Galaxy Note 7: 5.7-inch curved screen, 12MP camera, iris scanner — like an S7 Edge with a stylus (hands-on)


What do you get when you take the curved-screen Samsung Galaxy S7 Edge and add a stylus? The Galaxy Note 7, which Samsung unveiled today in New York.

Even with its differences, the Note 7’s wraparound screens, 12-megapixel camera, expandable storage and water-resistant coating bring it closer to the S7 series than to last year’s Note 5 (that’s right, there’s no Note 6). And that’s a good thing. The Galaxy S7and S7 Edge are two of the year’s best phones, with excellent cameras and battery life — not a bad way to begin your pedigreed life as a phone.

From what I’ve seen so far, the Note 7 should fall in line as a terrific, high-powered device whose stylus tricks take the Note to the next level. On paper, it corrects the biggest shortfalls of the Note 5, though our forthcoming testing will confirm this. But if you already bought an S7 or S7 Edge, don’t worry — you haven’t been left behind.

Here’s what the Note 7 has that the Note 5 doesn’t:

  • Curved screens (sharper, less sloping than the S7 Edge)
  • USB-C charger port (Samsung’s first phone to adopt the new standard)
  • Iris scanner to unlock the phone with your eyes
  • Gorilla Glass 5 screen (the first phone with Corning’s new screen tech)
  • More sensitive, accurate S Pen stylus
  • Water-resistant phone body and S Pen
  • MicroSD card slot (like the S7 phones)
  • Larger battery (3,500 mAh versus Note 5’s 3,000 mAh)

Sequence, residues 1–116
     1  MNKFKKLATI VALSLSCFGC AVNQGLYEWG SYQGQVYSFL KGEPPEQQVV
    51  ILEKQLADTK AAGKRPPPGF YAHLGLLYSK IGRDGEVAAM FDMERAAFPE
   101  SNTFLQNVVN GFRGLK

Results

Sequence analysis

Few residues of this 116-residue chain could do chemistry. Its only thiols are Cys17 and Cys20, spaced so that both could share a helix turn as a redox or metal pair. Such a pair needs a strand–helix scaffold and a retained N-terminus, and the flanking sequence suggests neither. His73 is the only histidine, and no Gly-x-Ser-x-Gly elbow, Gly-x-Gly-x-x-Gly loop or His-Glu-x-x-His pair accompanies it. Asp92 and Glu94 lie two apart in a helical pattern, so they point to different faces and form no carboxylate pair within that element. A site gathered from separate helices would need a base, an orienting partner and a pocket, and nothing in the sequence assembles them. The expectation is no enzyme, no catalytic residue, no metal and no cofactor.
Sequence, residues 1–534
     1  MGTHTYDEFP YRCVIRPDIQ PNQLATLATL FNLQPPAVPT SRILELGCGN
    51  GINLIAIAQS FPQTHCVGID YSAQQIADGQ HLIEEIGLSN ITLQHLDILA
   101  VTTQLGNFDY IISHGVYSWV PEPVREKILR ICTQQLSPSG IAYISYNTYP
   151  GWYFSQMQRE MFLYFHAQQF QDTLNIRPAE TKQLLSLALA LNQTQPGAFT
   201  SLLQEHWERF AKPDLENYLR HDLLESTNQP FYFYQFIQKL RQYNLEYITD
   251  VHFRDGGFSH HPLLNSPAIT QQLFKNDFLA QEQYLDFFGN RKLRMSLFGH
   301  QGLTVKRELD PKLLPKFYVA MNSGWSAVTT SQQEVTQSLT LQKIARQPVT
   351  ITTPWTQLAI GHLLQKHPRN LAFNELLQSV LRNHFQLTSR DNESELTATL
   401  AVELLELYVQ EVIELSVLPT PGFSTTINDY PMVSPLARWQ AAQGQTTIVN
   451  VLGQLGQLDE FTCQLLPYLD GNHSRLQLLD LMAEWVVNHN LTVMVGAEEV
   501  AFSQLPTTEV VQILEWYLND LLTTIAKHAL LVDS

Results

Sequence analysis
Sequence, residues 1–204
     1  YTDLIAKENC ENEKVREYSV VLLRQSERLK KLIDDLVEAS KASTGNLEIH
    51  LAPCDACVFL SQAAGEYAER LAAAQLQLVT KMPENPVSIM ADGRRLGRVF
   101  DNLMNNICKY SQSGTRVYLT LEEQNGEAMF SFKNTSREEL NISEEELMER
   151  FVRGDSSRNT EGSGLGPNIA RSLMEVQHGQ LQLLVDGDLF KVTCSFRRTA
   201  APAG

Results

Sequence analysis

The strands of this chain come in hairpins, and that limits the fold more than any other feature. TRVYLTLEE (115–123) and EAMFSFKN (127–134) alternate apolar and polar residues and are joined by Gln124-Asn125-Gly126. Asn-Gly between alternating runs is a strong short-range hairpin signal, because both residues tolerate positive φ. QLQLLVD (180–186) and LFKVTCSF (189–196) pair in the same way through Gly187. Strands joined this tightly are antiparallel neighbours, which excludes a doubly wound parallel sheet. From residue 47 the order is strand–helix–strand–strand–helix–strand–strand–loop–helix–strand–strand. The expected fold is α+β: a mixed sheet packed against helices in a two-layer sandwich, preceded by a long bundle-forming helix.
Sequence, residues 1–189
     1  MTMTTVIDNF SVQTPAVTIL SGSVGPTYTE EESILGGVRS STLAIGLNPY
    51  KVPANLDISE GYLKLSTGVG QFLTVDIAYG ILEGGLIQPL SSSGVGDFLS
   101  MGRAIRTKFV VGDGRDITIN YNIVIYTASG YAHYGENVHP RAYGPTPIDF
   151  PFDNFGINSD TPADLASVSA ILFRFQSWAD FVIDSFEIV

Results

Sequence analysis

• Better low-light camera
  • New S Pen tricks, like magnification and GIF-making
  • Stylus won’t get stuck if you jam it in backwards
  • Coral Blue color choice (it’s great)

So if the S7 Edge and Note 7 are almost hardware twins, who is the Note 7 for? Power users. Samsung targets people who want the phone with the most goods, and the Note’s gliding stylus and extra writing, drawing and navigation tools give it all the things.

If you already have a Note 5 and wonder if you should upgrade to the newcomer, wait for my full, rated review before buying. And if you’re not an Android disciple, keep in mind that Apple’s presumed iPhone 7 Plus (which will certainly be stylus-free) is expected to launch in just six weeks. That said, the Note 7 certainly seems like a worthy upgrade for the series, one that refines an already muscular phone and brings back some of our favorite things, like waterproofing and extra storage.

Price is going to play a big role in whether or not you should get the phone. Notes are usually the most expensive in Samsung’s lineup, and it’s the S Pen you pay for. With the S7 and larger S7 Edge as really similar stylus-less options, I do wonder if the Note 7, cool as it is, will wind up being too much phone for all but the most passionate stylus addicts.